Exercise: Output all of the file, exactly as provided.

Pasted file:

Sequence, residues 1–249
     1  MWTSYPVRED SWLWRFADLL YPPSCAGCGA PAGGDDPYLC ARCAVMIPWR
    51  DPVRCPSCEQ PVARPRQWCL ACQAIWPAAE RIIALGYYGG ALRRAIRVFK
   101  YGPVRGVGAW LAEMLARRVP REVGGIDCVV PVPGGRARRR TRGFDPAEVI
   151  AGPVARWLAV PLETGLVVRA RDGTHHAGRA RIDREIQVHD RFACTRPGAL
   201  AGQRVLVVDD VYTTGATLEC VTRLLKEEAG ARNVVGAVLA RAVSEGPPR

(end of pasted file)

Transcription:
Sequence, residues 1–249
     1  MWTSYPVRED SWLWRFADLL YPPSCAGCGA PAGGDDPYLC ARCAVMIPWR
    51  DPVRCPSCEQ PVARPRQWCL ACQAIWPAAE RIIALGYYGG ALRRAIRVFK
   101  YGPVRGVGAW LAEMLARRVP REVGGIDCVV PVPGGRARRR TRGFDPAEVI
   151  AGPVARWLAV PLETGLVVRA RDGTHHAGRA RIDREIQVHD RFACTRPGAL
   201  AGQRVLVVDD VYTTGATLEC VTRLLKEEAG ARNVVGAVLA RAVSEGPPR